What reporting is required?

Many regulations have show-cause or chain-of-custody type language that dictates organizations must not only protect data, but they must be able to prove it from a legal standpoint. In some data breaches, organizations have received lesser penalties for their ability to prove that while data was breached or stolen, it was encrypted at the time of theft.

Dive Deeper

Need help getting started?
Download the Compliance Matrix Template to either start your compliance identification process or to just visualize your compliance requirements in one spreadsheet. Designed to simplify compliance management, this Excel template equips organizations with a structured approach to understanding, planning, and tracking their regulatory obligations.

Get a Handle on Data

Beyond the scope of compliance requirements, it’s also critically important to identify which data matters to the organization. Undoubtedly, regulatory data will top that list, but CISOs should also be keen on prioritizing and protecting information such as intellectual property, network architecture, client lists, pricing models, and any other number of items which fall outside the scope of regulation, yet still remain crucial to the business.

Most organizations simply don’t have a good inventory of what data exists, or where. Executives are primarily concerned with ensuring the organization continues to operate — and operate within compliance — so the idea of a major project seeking to index all types of sensitive or critical data is usually shelved for a future date.

However, developing a catalog of data usage provides frontline context to executives. For example, knowing that Sales and Marketing both touch the same data, but have drastically different use cases for applying that data is a key piece of intelligence. Storage practices, data usage, file sharing, or even policies around data retention may greatly vary across business units. Without building a master index of data risk, CISOs and the executives they support are flying blind.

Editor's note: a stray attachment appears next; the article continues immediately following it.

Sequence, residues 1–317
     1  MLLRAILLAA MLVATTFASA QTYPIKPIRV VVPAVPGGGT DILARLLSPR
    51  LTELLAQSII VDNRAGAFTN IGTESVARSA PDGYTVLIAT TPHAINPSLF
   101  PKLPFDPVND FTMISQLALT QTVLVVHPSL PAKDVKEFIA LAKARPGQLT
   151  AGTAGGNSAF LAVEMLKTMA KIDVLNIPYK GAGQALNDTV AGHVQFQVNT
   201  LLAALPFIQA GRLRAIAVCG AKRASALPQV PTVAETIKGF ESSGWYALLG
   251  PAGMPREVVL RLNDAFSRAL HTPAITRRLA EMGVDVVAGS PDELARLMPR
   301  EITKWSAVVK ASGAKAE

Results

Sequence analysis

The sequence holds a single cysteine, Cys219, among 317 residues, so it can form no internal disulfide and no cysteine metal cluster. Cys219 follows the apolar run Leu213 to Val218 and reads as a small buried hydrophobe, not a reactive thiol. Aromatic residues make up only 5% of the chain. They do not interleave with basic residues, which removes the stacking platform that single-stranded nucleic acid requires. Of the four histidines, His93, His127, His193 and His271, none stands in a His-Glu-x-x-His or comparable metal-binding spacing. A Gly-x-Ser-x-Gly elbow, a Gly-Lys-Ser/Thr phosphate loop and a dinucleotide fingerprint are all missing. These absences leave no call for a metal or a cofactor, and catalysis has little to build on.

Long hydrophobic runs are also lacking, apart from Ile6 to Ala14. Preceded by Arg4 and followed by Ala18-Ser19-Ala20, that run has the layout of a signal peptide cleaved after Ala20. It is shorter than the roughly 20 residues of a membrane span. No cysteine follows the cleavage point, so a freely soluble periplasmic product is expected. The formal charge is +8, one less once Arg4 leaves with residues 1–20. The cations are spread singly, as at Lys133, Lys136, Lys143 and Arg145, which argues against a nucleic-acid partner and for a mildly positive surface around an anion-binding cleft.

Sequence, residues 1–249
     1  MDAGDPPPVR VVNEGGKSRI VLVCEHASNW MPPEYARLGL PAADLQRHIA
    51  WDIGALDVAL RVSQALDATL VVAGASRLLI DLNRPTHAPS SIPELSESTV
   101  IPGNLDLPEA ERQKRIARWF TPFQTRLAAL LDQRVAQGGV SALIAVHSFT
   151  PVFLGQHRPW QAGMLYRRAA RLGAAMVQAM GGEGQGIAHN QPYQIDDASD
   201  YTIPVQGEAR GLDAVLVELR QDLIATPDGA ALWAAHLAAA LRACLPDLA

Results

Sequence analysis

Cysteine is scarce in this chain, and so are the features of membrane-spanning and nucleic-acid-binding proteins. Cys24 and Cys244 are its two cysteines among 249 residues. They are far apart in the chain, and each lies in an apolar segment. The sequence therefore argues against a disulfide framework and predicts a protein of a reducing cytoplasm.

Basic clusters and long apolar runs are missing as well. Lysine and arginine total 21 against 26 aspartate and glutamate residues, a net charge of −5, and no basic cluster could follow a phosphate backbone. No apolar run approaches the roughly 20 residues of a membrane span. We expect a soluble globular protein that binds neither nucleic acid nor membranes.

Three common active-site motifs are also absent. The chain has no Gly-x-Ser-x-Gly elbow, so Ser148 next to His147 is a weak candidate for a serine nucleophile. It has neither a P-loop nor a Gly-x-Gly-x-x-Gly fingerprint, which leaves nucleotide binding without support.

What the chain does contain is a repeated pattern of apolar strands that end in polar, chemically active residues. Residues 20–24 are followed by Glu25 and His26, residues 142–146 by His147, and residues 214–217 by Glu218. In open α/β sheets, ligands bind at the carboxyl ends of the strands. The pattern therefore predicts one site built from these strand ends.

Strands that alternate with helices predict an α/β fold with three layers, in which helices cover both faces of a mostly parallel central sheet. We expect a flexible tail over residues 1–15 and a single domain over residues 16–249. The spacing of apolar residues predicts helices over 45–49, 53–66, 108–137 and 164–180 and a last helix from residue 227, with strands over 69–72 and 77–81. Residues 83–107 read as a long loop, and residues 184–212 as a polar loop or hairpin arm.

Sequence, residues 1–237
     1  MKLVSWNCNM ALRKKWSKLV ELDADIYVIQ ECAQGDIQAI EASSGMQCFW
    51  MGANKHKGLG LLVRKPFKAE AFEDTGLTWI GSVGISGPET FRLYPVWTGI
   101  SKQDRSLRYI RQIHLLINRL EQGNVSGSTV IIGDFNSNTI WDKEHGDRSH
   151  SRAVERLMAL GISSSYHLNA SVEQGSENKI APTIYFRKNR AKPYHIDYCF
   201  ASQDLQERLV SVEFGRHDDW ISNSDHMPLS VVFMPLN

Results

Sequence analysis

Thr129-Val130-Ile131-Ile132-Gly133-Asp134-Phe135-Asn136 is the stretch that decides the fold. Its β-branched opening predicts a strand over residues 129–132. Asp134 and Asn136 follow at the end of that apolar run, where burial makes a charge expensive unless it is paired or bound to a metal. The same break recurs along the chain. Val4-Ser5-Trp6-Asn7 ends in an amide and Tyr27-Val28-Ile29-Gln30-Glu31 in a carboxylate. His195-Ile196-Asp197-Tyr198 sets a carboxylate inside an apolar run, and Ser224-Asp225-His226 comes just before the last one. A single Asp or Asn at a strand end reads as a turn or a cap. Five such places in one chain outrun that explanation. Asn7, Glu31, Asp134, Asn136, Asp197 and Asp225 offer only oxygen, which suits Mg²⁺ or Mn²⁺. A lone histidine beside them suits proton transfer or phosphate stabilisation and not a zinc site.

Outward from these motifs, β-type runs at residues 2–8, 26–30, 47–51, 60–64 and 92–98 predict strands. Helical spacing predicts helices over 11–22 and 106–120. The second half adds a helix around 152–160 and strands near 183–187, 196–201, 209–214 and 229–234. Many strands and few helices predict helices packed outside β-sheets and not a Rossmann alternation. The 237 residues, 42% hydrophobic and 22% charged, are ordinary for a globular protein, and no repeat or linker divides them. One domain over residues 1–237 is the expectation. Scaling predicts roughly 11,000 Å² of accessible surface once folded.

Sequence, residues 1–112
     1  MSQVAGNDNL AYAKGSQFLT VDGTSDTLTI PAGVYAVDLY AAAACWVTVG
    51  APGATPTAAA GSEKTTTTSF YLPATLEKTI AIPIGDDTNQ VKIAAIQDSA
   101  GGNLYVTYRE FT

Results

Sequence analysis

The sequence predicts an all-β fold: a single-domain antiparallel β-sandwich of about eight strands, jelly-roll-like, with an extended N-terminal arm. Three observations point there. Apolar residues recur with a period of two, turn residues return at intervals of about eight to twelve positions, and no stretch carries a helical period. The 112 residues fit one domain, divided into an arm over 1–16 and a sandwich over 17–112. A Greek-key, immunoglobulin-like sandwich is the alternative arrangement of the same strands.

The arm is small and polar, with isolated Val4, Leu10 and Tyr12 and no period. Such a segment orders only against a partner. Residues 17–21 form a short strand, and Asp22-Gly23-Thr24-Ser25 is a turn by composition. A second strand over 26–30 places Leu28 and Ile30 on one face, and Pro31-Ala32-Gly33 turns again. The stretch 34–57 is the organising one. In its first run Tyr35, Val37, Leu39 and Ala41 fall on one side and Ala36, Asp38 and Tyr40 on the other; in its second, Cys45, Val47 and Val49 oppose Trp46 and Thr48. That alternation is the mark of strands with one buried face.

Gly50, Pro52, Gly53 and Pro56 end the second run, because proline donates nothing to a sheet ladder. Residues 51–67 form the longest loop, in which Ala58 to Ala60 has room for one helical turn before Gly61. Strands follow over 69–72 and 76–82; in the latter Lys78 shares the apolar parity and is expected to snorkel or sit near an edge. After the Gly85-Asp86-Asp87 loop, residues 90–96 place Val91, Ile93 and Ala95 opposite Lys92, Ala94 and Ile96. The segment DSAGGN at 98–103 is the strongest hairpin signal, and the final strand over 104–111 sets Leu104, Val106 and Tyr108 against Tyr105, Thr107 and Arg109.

Data Discovery

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Maturing Strategy around Controls

After identifying the organization’s compliance requirements and data ownership, it becomes necessary to survey the organization’s available controls. In simple terms, “controls” can refer to any number of processes, tools, or technology at the disposal of the organization, although CISOs may primarily be focused on the technical controls around detection and protection, which help provide visibility into data and establish protections around data.

Taking inventory of tools is a good starting point, and leaders can start by answering the following questions:

Can we see the types of data we’ve identified as “sensitive” or “critical?” And do we have visibility across vectors such as email, web, cloud, local storage, and removeable media?
Will our controls allow us to detect, but also to block, prevent, encrypt, monitor, or report?
Have our IT, Information Security, and Incident Response teams been trained on these controls?
Can we detect sensitive data-in-motion, data-at-rest, and data-in-use?
What types of reporting do our controls provide? Is it adequate to manage process improvement? How will we measure performance? How can we improve our controls?
Can we see the types of data we’ve identified as “sensitive” or “critical?” And do we have visibility across vectors such as email, web, cloud, local storage, and removeable media?
Can we detect sensitive data-in-motion, data-at-rest, and data-in-use?
Will our controls allow us to detect, but also to block, prevent, encrypt, monitor, or report?
What types of reporting do our controls provide? Is it adequate to manage process improvement? How will we measure performance? How can we improve our controls?